Arthur Horsey had already spent $200 on gasoline this week before he pulled up to a Sunoco gas station in Rosslyn on Friday to refill his white Chevy van. He was only planning to spend another $20, but with gas at $3.69 per gallon, the independent courier had to pay $50 to get him where he needed to go.
“Doing this type of work, gosh, man, that’s what you need is small prices so you can see a little profit. Right now, it’s not much profit,” he said. “Gas is taking it right away.”
Like many struggling Washington area residents, Horsey is hoping that the plummeting price of oil, down about 25 percent from May’s peak of $113.52 to about $85 a barrel Friday, will ease prices at the pump and let him keep more money in his wallet.
But those savings are unlikely to be big. Unlike in years past, when the price of oil and the price of gas moved closely in tandem, in 2011 the relationship between the two has been murkier. Oil prices have fallen precipitously, but District residents are still paying $3.83 per gallon of regular gas on average — 22 cents above the national average and only 9 percent less than the District’s all-time high of $4.21, according to the American Automobile Association.
“What we’ve seen for the first time in recent memory is this disconnect between the price of crude and the price of gasoline. It’s almost like it’s moving in its own orbit,” said John Townsend, spokesman for AAA of Mid-Atlantic.
The disconnect could pose another headwind to the U.S. economy, because higher gas prices typically translate to less money that consumers are able to pump into the economy. “Extra money would be helpful,” Horsey said as he filled up his van. “I could finish my deck in the back of the house.”
The usual rule of thumb is that a $10 dollar decrease in the price of oil translates to about a 25 cent per gallon decrease at the pump. With oil down nearly $30 from its May peak, that should be about 75 cents. But the difference for District residents is only about half that. “We should be paying much lower for gas,” Townsend said.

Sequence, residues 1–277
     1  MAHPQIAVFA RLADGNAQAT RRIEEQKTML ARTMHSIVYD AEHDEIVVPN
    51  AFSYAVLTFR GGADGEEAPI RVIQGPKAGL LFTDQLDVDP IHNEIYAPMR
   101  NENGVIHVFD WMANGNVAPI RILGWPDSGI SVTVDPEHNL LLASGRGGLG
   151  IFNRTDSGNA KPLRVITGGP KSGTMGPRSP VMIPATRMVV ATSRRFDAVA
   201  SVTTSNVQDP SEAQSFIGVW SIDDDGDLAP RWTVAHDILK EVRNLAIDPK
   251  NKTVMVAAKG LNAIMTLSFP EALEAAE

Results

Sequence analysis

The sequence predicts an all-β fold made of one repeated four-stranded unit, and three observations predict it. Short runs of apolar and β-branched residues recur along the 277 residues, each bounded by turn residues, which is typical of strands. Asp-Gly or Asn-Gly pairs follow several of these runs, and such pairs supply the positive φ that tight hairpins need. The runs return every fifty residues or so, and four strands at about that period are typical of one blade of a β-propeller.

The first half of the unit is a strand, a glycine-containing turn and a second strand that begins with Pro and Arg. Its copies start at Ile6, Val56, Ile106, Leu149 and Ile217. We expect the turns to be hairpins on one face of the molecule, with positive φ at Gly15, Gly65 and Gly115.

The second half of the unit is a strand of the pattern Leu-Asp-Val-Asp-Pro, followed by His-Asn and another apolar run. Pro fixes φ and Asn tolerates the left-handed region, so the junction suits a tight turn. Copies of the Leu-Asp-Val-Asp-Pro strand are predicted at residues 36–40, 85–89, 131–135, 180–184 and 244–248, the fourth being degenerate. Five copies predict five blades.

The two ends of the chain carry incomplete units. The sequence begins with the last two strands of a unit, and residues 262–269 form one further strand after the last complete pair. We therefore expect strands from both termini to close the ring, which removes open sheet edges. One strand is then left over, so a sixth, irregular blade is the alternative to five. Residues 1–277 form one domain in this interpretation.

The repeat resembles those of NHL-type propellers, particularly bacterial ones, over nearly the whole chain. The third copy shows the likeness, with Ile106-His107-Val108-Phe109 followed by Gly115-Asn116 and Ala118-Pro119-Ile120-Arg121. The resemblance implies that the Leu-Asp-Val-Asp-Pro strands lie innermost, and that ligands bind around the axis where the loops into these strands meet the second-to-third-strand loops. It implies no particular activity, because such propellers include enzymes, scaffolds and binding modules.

Analysts blame some of the disconnect on the country’s increasing reliance on foreign oil, which is priced higher than the main domestic benchmark, the West Texas Intermediate Oil future. As of Friday, West Texas crude cost about $22 less than its major foreign counterpart, the U.K.’s Brent Crude future.
“As a result, the price of oil that we see in our screens every day is not representative of the price of oil that most Americans pay for their fuel,” said Pavel Molchanov, an oil analyst with investment bank Raymond James in Houston. So even though the price of the West Texas crude has fallen to about $85 a barrel, a level last seen before February’s price spike, “the consumer, sad to say, doesn’t see those savings,” Molchanov said.
It can also take time for cheaper petroleum to work its way through the distribution system. And the global economic slowdown is reducing demand for oil, which is putting further downward pressure on gasoline prices.
“If crude stays flat at this level, you’re going to pay 35 cents a gallon less than you did three weeks ago,” said James Williams, an oil analyst with WTRG Economics on London, Ark.
The end of the traditional summer driving season on Labor Day could bring down demand for gas, driving prices even lower. So could a recession, Williams said. “The only problem is, without a job, it doesn’t matter what the price of gasoline is, because you can’t afford it,” he said.
Back at the Sunoco gas station in Rosslyn, some motorists are making do with the high prices. Emma Hobson Feltus drove from Maryland to fill up before taking off on a weekend trip to a friend’s farm, and she borrowed her brother’s more fuel-efficient vehicle to make the trip. “My car is much more of a gas guzzler and that definitely has a big impact on my budget,” she said.
Others are simply resigned to paying more. “I’m not going to not get gas,” said Sarah Tidd, a hairstylist from Quantico. “I just pay it.”